• Mykrä, Heikki; Kuoppala, Minna; Nykänen, Vesa; Tolonen, Katri; Turunen, Jarno; Vilmi, Annika; Karjalainen, Satu Maaria (Elsevier, 2021)
    Journal of Environmental Management 278, Part 2 (2021), 111532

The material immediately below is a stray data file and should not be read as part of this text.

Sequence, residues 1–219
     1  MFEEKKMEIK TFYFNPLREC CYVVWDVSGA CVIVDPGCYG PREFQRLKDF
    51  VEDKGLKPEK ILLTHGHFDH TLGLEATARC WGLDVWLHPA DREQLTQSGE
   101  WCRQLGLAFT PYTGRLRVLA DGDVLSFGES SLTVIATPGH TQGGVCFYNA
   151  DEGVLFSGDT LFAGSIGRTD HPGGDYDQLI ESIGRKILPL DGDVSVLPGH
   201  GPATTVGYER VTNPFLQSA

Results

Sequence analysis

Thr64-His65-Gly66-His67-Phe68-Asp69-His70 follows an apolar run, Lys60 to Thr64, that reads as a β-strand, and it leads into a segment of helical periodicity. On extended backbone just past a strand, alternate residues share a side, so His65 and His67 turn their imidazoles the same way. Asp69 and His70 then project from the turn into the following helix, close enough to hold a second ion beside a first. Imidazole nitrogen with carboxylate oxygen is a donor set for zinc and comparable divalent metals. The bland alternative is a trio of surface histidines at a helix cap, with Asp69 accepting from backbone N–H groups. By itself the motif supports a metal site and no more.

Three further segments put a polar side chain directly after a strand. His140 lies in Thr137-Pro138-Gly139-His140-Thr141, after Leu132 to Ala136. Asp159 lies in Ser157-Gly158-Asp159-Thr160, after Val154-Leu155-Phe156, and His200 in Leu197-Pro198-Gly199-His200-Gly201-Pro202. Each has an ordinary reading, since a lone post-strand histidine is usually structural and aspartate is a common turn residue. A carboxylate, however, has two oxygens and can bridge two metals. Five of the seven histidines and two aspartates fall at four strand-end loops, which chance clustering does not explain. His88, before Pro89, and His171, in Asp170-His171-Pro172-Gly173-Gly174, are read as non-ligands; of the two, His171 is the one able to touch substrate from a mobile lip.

Mining has changed landscapes locally in northern Fennoscandia and there is an increasing pressure for exploitation of the remaining mineral deposits of the region. Mineral deposits, even if unmined, can strongly influence stream water chemistry, stream biological communities and the ability of organisms to tolerate stressors. Using data sampled from six mining areas with three active (gold and chrome), two closed (gold) and one planned mine (phosphate), we examined how mineral deposits and mining influence water chemistry and diatom and macroinvertebrate communities in subarctic streams in Finnish Lapland. We supplemented the data by additional samples compiled from databases and further assessed how variation in background geological conditions influences bioassessments of the impacts arising from mining. We found that water specific conductivity was elevated in our study streams draining through catchments with a high mineral potential. Mining effects were mainly seen as increased concentration of nitrogen. Influence of mineral deposits was detected in composition of diatom and macroinvertebrate communities, but communities in streams in areas with a high mineral potential were as diverse as those in streams in areas with a low mineral potential. Mining impacts were better detected for diatoms using a reference condition based on sites with a high than low mineral potential, while for macroinvertebrates, the responses were generally less evident, likely because of only minor effects of mining on water chemistry. Community composition and frequencies of occurrence of macroinvertebrate taxa were, however, highly similar between mine-influenced streams and reference streams with a high potential for minerals indicating that the communities are strongly structured by the natural influence of mineral deposits. Incorporating geochemistry into the reference condition would likely improve bioassessments of both taxonomic groups. Replicated monitoring in potentially impacted sites and reference sites would be the most efficient framework for detecting environmental impacts in streams draining through mineral-rich catchments.